Community leaders reaching for youth transit system
For some Carson City children, transportation to extracurricular events is a luxury.
For about three years, the Community Council on Youth has tried to start a youth transit system that would provide free rides after school to transport children to different activities.
“The success and failure of our programs depend on transportation for youth,” said Cathy Blakenship, executive director of the Boy’s and Girl’s Club. “(The groups under the youth council) see that there is so much need for young people to get involved in something, and we try to provide exciting, fun activities. A lot of kids just don’t have a way to get there.”
Working with Carson City Community Transportation, council members have planned routes for the system. City supervisors even gave the group $15,600 start-up money in 1998 to help get the program going.
City transit officials are trying to find money to run the program, buses to transport the children and iron out the program’s details.
Carson’s recently established Public Transit Advisory Committee is the most recent player in the cause, and Thursday members looked at drafts of a business plan for the youth transit system. The committee’s recommendation: bring us another draft.
The draft plan offered a brief history, goals and strategy of the transit plan.
Supervisor Kay Bennett chairs the advisory committee and told youth council representative Barbara Singer the plan needed to include summer program hours and needed to consider charging a fee to users.
“With potential funding we need to think bigger,” Bennett said. “We need to develop a workable plan that addresses needs. There’s a strong inclination on the part of the city to make this work.”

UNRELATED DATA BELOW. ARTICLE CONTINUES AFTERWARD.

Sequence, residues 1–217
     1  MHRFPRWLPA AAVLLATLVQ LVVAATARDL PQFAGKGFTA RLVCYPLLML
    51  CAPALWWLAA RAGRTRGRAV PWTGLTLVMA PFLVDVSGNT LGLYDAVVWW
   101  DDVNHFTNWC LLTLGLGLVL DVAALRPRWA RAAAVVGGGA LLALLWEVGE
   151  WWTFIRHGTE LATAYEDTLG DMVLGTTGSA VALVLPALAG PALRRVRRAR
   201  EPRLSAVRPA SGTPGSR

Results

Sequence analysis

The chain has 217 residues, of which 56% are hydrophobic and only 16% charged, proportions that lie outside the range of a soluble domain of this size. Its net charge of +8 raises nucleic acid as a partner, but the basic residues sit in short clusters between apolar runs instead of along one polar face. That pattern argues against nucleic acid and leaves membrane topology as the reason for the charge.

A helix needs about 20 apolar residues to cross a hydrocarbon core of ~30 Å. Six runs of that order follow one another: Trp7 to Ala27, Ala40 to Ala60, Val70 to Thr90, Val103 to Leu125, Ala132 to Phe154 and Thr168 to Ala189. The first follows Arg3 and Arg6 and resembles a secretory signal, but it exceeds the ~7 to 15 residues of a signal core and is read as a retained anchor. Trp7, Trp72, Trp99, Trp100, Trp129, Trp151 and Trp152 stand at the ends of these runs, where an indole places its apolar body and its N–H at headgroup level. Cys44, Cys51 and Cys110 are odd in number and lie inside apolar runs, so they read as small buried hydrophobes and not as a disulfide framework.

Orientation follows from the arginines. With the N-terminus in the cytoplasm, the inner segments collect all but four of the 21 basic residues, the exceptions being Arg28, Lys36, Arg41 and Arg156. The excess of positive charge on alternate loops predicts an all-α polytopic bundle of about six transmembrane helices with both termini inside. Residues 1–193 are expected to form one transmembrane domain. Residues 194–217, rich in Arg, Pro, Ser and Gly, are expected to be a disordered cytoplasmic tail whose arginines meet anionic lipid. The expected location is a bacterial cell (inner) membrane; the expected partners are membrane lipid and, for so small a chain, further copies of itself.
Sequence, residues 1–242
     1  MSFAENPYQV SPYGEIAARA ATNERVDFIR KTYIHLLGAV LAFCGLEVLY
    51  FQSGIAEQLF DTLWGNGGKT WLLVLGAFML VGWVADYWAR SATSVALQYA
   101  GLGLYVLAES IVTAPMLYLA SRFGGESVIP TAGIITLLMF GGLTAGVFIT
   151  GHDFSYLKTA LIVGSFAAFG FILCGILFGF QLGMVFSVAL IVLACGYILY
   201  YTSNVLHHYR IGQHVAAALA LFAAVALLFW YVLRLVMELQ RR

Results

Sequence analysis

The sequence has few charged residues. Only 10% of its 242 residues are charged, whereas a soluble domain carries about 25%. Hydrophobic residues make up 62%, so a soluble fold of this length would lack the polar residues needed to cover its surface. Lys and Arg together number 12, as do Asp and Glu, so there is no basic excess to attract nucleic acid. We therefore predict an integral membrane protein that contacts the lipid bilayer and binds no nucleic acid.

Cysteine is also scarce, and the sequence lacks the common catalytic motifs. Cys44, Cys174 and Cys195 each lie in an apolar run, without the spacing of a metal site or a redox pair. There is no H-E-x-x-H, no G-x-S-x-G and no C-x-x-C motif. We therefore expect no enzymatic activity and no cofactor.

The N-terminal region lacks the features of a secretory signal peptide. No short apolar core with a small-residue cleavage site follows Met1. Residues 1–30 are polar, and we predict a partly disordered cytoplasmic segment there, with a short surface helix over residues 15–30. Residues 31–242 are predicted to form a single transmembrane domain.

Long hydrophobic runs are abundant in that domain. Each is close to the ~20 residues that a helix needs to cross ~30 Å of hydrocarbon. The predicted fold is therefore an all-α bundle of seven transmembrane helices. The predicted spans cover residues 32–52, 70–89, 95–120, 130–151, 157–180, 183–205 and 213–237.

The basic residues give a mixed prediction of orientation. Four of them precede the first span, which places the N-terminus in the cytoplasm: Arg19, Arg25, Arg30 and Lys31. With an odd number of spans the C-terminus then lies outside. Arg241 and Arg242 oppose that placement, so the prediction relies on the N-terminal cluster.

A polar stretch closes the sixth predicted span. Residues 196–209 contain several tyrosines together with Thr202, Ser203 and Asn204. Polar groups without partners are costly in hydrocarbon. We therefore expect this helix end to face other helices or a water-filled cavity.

Community Transportation General Manager Marc Reynolds reported the $15,600 the council had would pay for maybe 10 weeks of transportation. Bennett said the city is considering buying two, used 35-passenger buses from Reno’s transportation system. How the buses will be paid for is undetermined right now, she said, but the program’s future is tied to their acquisition.
The advisory committee is looking towards state funding and grants to help fund the program.
The youth council already had an school-year operations plan which put two buses to work four days a week from 4 p.m. to 7 p.m. The Boy’s and Girl’s Club was the hub of the operation and routes are planned to got to places like the Brewery Arts Center, the Carson City Library, Western Nevada Community College, Governor’s Field, Edmonds Sports Complex and several other locations. Getting caught in the process is frustrating to some council members, who’ve worked over the years to bring the youth system to a public-transportation hindered Carson City.
“You don’t want to go to the board of supervisors and ask for money then not do anything with it,” Blankenship said. “It makes it hard to go back and ask for more money. We spent a year in planning, and we’re getting tired of sitting. We don’t want to be wasteful.”
Youth council representative Barbara Singer said it was hard to keep trying to move forward, but never get over the little stumbling blocks. Despite the delays, she said she still has hope that the system will work eventually.
“We need transportation for the kids. We need to keep going,” Singer said. We need to work together for the kids.”.